This is the French name for the first harvest of salt produced in the coastal regions of France by evaporating seawater in a series of ponds. Harvested by hand, fleur de sel is prized for its crunchy texture and delicate taste. Full of minerals, this expensive salt is used only as a condiment, not for cooking. The most famous fleur de sel comes from the salt marshes of Guérande and the islands of Noirmoutier and Ré. While the salt is traditional with marrow bones in France, and good sea salt can accompany them. Maldon salt, a flaky-textured English salt, also goes well with the roasted bones and parsley salad.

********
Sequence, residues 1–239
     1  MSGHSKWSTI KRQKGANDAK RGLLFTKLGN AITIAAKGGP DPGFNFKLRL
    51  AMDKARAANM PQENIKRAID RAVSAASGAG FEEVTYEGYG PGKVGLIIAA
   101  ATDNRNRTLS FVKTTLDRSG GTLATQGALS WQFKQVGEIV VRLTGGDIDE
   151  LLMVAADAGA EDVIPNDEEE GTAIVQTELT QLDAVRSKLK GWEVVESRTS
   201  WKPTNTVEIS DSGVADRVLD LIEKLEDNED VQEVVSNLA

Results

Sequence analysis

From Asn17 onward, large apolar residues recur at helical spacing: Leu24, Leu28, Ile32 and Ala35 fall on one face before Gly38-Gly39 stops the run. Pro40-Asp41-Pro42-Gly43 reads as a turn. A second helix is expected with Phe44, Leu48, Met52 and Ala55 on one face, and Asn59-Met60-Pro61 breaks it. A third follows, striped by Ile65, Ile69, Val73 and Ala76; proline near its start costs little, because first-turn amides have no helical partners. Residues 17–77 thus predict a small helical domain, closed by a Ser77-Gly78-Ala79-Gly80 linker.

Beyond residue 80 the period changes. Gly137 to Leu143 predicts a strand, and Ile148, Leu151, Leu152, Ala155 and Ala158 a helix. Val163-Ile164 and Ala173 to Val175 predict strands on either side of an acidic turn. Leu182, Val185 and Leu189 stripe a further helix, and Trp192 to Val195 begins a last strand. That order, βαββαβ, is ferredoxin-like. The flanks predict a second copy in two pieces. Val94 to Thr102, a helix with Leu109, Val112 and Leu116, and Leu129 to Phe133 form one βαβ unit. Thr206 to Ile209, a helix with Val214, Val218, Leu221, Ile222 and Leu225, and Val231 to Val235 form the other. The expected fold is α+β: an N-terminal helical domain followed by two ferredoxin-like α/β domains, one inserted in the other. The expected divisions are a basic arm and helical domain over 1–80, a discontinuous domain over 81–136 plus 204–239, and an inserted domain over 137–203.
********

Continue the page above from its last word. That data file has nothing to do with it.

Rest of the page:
This information is excerpted from Bones by Jennifer McLagan and can be purchased here.